This reversal does not imply contradiction between the old covenant and the new covenant. This reversal is designed to unmistakably mark the arrival of what was foreshadowed from the beginning. The reversal signaled that the time of shadows was past and now the time of the true substance had finally arrived. For even under the husk of the old covenant, we can still find the kernel of the new covenant—hidden yet present. You see, even the old covenant did not present the earthly blessings and curses as the ultimate goal of the covenant. The blessings in the land were but incentives; the curses in the land were but preventative measures. And these incentives and preventative measures could not be the ultimate goal; they were there to help achieve the goal. Parents might promise certain gifts to their children if they do well in school. But the parents certainly don't want their children to think of the gifts as the ultimate goal; the ultimate goal is to do well in school. In the same way, the ultimate goal of Israel's covenant with God was not the blessings in the land; rather it was Israel's covenant union with YHWH itself. That is why, even under the old covenant administration, the Levites were not given the inheritance in the land. Regarding their inheritance, the Lord said to the Levites, "You shall have no inheritance in their land, nor own any portion among them; I am your portion and your inheritance among the sons of Israel" (Num. 18:20). Do you see? The Lord withholds from the Levites the blessings of the Promised Land in order to accentuate the fact that he is their true inheritance! That is why Habakkuk, too, was able to say,

"Though the fig tree should not blossom, And there be no fruit on the vines, Though the yield of the olive should fail, And the fields produce no food, Though the flock should be cut off from the fold, And there be no cattle in the stalls, Yet I will exult in the LORD, I will rejoice in the God of my salvation. The Lord God is my strength, And he has made my feet like hinds' feet, And makes me walk on my high places" ( 3:17-19).

He is deprived of all the blessings of the land. Yet, he is able to rejoice because the Lord is his salvation, his true inheritance forever. Indeed, the deprivation of the earthly blessings helped Habakkuk to see this blessed truth! Yes, the Israelites were promised many blessings in the land if they obeyed the Lord. But the true blessing was found in their faithful and joyful obedience to the Lord itself. For that joyful obedience was a direct, clear sign of the union of hearts and wills between God and his people. That their union with God was without conflict and hostility was a blessing in and of itself. And the opposite was true. To rebel against almighty God in disobedience, to cut off their fellowship with the God of infinite love, was a curse, the worst kind of curse, in and of itself.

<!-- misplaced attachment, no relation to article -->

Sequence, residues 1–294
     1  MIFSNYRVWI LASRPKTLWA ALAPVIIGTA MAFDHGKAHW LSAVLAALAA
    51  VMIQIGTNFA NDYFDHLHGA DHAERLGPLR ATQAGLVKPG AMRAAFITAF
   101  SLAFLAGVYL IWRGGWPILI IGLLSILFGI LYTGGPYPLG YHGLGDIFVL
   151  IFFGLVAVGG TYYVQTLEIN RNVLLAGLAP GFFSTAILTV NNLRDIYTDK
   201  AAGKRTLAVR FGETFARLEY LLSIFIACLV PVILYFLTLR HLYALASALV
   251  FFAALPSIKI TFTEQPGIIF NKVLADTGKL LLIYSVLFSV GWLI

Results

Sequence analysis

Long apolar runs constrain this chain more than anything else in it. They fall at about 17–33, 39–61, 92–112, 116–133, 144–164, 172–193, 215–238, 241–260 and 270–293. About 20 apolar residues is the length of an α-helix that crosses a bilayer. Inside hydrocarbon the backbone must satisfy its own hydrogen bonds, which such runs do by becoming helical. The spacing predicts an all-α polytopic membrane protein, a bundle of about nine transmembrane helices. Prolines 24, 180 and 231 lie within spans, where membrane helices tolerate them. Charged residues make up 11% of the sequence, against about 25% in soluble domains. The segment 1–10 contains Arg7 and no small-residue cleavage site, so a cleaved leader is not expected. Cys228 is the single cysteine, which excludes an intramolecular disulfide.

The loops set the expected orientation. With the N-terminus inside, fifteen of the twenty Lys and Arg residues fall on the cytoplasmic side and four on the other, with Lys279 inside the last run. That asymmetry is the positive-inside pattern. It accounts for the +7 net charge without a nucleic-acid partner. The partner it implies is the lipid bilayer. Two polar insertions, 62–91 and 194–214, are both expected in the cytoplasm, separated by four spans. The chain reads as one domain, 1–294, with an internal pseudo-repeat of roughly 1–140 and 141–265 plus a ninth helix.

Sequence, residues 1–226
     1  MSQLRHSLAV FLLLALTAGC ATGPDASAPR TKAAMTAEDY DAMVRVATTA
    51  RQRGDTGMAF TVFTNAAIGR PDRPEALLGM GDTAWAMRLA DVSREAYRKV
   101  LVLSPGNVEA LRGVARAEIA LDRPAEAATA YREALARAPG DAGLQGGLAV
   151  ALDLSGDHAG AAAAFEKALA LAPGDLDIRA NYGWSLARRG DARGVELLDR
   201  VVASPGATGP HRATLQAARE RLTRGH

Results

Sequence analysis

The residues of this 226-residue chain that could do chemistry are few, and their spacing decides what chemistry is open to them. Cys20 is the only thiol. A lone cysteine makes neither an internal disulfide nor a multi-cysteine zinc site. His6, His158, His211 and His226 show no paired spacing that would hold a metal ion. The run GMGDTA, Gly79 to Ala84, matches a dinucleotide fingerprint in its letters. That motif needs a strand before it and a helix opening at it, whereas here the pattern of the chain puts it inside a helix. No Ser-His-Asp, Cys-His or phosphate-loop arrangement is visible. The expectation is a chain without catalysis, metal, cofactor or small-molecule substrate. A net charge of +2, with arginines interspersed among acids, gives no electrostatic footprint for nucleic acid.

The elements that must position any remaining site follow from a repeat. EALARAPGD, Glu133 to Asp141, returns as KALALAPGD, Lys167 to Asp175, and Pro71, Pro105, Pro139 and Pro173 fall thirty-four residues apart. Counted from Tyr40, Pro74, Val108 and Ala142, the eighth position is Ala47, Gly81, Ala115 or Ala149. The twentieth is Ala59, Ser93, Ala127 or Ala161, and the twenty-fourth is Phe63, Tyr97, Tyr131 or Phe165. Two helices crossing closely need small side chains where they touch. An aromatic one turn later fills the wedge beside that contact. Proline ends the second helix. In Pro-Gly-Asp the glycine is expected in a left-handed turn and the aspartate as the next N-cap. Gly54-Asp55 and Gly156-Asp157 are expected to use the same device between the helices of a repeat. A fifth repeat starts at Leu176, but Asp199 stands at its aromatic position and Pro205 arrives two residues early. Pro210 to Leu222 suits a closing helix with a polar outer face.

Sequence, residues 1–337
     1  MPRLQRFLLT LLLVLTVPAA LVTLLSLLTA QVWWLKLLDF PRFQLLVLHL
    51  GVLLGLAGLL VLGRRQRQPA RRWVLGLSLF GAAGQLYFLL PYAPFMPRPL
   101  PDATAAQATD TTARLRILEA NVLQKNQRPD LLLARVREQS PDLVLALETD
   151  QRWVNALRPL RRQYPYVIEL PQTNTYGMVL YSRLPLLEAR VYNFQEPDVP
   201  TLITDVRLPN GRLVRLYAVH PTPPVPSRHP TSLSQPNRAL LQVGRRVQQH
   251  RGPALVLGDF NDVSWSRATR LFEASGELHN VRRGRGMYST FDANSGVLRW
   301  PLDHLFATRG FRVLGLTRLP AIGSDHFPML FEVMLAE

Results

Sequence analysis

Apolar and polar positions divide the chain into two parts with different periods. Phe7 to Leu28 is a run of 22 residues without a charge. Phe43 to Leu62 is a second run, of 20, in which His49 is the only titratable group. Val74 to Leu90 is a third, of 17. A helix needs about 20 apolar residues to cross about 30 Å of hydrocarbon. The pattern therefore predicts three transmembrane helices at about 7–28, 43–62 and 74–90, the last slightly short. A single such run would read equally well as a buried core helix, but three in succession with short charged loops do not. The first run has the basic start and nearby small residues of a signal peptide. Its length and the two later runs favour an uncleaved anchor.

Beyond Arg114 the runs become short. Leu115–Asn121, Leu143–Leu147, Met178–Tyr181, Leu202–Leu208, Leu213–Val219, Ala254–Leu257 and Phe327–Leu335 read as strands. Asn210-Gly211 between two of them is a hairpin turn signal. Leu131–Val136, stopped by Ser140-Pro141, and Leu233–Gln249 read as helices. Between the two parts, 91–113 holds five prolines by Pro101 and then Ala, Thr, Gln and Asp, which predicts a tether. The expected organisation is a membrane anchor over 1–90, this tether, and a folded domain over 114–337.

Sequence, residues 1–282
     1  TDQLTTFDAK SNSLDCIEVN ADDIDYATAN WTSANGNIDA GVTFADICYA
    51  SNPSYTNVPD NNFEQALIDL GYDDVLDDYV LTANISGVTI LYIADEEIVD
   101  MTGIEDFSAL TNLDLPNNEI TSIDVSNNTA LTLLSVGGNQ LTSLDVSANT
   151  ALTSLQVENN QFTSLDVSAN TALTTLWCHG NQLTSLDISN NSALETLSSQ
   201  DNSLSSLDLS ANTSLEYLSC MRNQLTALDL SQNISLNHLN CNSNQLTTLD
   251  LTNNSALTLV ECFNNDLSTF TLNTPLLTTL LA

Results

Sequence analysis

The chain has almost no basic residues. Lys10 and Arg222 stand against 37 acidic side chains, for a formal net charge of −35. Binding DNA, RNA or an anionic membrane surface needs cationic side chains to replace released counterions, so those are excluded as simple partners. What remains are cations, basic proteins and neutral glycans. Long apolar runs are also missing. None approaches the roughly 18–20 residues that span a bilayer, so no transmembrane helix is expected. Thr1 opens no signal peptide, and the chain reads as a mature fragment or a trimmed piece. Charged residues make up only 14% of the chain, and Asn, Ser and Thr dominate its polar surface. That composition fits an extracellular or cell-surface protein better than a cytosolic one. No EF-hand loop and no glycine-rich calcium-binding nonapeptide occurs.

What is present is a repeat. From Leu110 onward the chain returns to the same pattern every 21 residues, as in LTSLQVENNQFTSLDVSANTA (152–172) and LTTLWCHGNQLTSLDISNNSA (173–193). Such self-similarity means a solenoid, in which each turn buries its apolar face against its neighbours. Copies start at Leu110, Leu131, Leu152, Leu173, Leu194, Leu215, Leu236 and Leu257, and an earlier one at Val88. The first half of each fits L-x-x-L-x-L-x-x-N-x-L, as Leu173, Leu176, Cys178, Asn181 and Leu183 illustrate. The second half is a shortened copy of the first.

In Paul's life and ministry of suffering, this principle was demonstrated clearly and radically. What do you think was going through Paul's mind when he found himself often in unthinkable suffering and pain? Can you imagine what could have been going through his mind when he spent those long, lonely hours in prison cells—dark, damp, cold and filthy? What about each time the whip whizzed through the air and cracked on his chest and back, bursting his skin open, his body cringing under the shock of the unbearable pain? What about when he was being flogged by rods, when the sharp pain dug into his bones and sinews? I can't even begin to imagine what it must have been like to be actually stoned. The adrenaline rush must have averted some pain but how horrible must have been the impact of the jagged stones mercilessly landing on his skull, on his face, on his arms and hands that covered his head, on his ribs, on his back and even on his shin bones! What about when he was shipwrecked and had to spend a night and a day in the sea? It is one thing to sail through a storm on a rocking ship; it is quite another to be thrown overboard and into the heaving and crashing waves of the raging sea; to paw the air just to stay afloat—and to do that through the utter blackness of the stormy night and through the lightless day!

How long the lashing must have seemed to Paul! I wonder what kind of thoughts went through his mind between one whipping and the next! Was he too overwhelmed by the excruciating pain of the moment? Or did he have just enough sanity to vow never to preach the gospel again? Or could it be that, even in the midst of lashing and whipping, flogging and stoning, his eyes were directed to heaven?